Half a century to standardize the renowned bubbles

Dom Pérignon (Sainte-Menehould, December 1638 or January 1639 – Hautvillers, 24 September 1715)

It is a myth that champagne was invented by Dom Pérignon. Before its birth, there is already talk of a foaming wine, un vin mousseux, in both England and France.

What the Benedictine monk did do was standardize its production, making a series of improvements regarding the grapes to be used, the pressing, the quality of the bottles and the closure. For forty-seven years he worked on those improvements.

He is the man who helped champagne take a decisive leap forward in centuries of development. And rightly so, he has been given a statue in Epernay, in the heart of the Champagne region.

Dom Pérignon was born as Pierre Pérignon in the town of Sainte-Menehould, near Châlons-sur-Marne, in the east of the Champagne region. He studied well and so his family sent him to the Benedictine abbey of Verdun, where he did his novitiate.

In 1668 he arrived at the abbey of Saint-Pierre d'Hautvillers, just north of Epernay, where he was appointed 'procureur', meaning procurator, the manager of all material affairs of the monastery. Those material issues also included the vineyards.

The Benedictines were known for the many scholars they had produced and they were regarded as hard workers. The Benedictine liqueur also comes from their monasteries. From 1510 onwards, the liqueur was 'a tonic to help tired monks get back on their feet'.

In any case, they had a reputation to uphold, and Pierre Pérignon, who had meanwhile been given the title Dom because of his high position, wanted to contribute to that. In addition to his administrative tasks, he devoted himself to wine production in his spare time.

He thought there could be a connection between the speed at which the grapes were pressed and the quality. The monks pressed too slowly and for too long. He devised a way of pressing quickly, and in stages, to extract a juice as white as crystal from the blue grapes.

One year the wine was good, the next year bad. He started mixing different wines – called 'assembly' – to achieve consistent quality. He arrived at the mixing of blue grapes pinot noir and pinot meunier with the white chardonnay grapes.

The only three grape varieties that can be used for champagne today.

Despite these efforts, the wine of Hautvillers Abbey remained only a flat wine. Nothing special. The grapes that Pérignon had chosen showed the ability to ferment a second time in the spring after the first fermentation.

The winegrowers in the area heard the whizzing in their barrels and tilted the bungs to let the gas escape. Dom Pérignon thought that this gas might give the wine a special taste. And he bottled a few bottles, even before the second fermentation started.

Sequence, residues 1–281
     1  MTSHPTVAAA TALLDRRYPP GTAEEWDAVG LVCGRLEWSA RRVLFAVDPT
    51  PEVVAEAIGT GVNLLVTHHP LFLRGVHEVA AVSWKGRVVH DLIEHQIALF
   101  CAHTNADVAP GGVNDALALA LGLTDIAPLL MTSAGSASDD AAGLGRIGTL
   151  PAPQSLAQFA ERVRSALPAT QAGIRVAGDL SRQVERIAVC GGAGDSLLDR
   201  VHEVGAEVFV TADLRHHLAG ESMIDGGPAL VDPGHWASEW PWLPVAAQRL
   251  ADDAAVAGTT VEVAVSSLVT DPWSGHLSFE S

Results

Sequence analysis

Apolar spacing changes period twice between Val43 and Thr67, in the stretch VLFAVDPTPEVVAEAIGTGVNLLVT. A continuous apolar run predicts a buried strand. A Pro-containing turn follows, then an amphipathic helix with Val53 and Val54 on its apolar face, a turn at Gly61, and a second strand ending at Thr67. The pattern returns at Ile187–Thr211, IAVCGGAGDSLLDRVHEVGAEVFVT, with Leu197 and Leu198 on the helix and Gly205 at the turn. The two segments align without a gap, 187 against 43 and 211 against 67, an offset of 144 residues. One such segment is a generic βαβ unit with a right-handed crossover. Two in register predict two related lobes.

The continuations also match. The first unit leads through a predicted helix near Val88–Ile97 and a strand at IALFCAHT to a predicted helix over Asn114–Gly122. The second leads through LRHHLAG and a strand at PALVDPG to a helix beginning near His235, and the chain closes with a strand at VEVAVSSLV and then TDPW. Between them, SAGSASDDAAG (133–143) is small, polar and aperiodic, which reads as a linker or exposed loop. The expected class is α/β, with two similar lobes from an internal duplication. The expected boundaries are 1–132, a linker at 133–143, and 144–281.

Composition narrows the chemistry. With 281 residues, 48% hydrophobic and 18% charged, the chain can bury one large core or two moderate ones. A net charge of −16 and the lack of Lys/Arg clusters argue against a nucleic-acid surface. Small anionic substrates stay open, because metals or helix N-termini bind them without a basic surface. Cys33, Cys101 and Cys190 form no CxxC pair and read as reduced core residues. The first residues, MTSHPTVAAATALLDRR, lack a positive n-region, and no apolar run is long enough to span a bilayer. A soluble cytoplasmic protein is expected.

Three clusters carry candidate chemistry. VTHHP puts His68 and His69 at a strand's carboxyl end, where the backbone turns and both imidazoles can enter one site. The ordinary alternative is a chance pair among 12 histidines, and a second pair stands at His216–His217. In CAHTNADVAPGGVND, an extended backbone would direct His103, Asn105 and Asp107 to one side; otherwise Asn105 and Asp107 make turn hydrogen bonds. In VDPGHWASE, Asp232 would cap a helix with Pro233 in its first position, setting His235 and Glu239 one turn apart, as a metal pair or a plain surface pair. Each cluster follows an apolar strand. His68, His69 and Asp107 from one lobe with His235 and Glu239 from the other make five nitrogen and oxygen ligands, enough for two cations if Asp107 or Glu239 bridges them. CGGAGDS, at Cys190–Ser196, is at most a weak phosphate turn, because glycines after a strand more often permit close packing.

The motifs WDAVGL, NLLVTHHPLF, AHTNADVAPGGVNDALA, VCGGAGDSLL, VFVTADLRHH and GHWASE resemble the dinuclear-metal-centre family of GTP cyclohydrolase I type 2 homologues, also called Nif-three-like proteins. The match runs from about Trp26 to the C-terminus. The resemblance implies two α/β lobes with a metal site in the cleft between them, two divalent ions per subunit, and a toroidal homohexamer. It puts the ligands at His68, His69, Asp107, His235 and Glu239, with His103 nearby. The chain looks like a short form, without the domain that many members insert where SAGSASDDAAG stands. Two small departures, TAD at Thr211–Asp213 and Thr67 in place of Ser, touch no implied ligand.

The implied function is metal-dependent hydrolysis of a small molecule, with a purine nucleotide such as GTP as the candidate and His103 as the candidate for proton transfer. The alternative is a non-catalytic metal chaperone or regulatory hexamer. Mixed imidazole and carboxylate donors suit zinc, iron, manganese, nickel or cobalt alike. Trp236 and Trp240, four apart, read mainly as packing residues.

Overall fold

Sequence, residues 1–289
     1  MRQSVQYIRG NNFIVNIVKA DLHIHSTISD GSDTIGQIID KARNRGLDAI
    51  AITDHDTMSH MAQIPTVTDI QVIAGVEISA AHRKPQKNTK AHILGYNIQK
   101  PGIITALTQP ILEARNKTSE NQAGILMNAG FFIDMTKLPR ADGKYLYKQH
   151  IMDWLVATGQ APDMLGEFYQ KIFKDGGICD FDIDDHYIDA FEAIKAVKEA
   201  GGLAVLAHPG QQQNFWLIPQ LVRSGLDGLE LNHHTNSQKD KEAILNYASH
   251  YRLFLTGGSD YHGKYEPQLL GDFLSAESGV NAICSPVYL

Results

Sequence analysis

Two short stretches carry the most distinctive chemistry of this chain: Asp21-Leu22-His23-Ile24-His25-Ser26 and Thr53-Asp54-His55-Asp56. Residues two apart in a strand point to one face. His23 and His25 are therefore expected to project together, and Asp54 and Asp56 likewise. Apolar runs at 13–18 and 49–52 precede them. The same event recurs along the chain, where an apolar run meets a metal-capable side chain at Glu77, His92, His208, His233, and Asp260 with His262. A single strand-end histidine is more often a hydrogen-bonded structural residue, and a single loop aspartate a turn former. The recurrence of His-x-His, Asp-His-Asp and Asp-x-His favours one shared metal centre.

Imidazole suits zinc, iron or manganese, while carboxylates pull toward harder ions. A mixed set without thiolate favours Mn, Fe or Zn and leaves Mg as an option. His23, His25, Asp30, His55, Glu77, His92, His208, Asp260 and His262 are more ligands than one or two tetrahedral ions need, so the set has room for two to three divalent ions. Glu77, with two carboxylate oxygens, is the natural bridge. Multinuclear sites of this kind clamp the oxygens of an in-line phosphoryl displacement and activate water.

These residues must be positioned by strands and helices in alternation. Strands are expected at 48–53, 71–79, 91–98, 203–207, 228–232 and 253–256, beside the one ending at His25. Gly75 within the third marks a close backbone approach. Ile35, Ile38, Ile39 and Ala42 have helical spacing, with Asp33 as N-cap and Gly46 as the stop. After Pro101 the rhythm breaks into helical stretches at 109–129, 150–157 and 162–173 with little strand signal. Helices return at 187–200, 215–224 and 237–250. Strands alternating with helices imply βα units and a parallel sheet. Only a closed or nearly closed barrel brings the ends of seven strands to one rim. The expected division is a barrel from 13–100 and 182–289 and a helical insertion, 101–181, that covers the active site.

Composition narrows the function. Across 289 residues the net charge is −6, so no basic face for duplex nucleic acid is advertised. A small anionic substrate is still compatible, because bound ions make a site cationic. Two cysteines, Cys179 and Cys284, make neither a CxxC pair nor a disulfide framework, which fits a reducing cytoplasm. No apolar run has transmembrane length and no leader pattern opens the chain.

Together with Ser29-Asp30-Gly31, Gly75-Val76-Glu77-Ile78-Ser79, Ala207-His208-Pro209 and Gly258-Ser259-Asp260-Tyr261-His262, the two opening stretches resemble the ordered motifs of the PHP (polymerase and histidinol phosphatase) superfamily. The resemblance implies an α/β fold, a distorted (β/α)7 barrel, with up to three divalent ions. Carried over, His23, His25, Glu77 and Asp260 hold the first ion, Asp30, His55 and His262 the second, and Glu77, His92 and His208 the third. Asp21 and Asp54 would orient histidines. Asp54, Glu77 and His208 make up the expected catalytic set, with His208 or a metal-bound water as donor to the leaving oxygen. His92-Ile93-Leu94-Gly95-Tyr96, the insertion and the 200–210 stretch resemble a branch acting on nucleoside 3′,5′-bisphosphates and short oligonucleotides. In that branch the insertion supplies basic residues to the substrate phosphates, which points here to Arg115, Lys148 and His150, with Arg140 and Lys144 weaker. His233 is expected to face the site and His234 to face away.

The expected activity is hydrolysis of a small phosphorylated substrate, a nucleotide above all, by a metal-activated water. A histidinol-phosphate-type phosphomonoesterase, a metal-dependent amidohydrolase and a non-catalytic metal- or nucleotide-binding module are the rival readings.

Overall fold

As a result, the carbon dioxide no longer had the chance to volatilize and remained behind in the bottle. A sparkling champagne was the result.

The next problem was that the bottles broke due to the pressure of the second fermentation. So Dom Pérignon had special bottles blown in the glass factories of the Argonne. That is why those empty champagne bottles are still so heavy today.

The second new problem was the sealing of the bottle. Until then, these were oil-soaked plugs of hemp. And they just popped out of the bottle under pressure.

Until the day when a fellow monk, returning from a pilgrimage to Compostela, brought with him so-called 'Spanish plugs' made of cork. From then on Pérignon used cork, tied with a rope, today the 'agraffes' of metal.

To be on the safe side, he often also soaked the corks in sealing wax.
This is how the French Benedictine learned to make the perfect champagne in the course of his 47-year procuratorship.

When he died at Hautvillers at the age of 77, his drink was already known at the court of Louis XIV as 'the wine of Father Pérignon', the 'devil's wine' or the 'wine whose cork pops out'. He died in 1715, the year that the Sun King also died.

Almost three hundred years later, the village of Hautvillers, the cradle of champagne wine, is still a wine region. In the middle of 700 hectares of forest lies the village with its 860 inhabitants, 140 winegrowers and 287 hectares of vineyards. The tomb of Dom Pérignon can still be seen in the abbey church.

And the old Champagne house Moët et Chandon to this day names its most exclusive champagne after the inventive monk, the procurator of Hautvillers Abbey, boss of all material
common issues.

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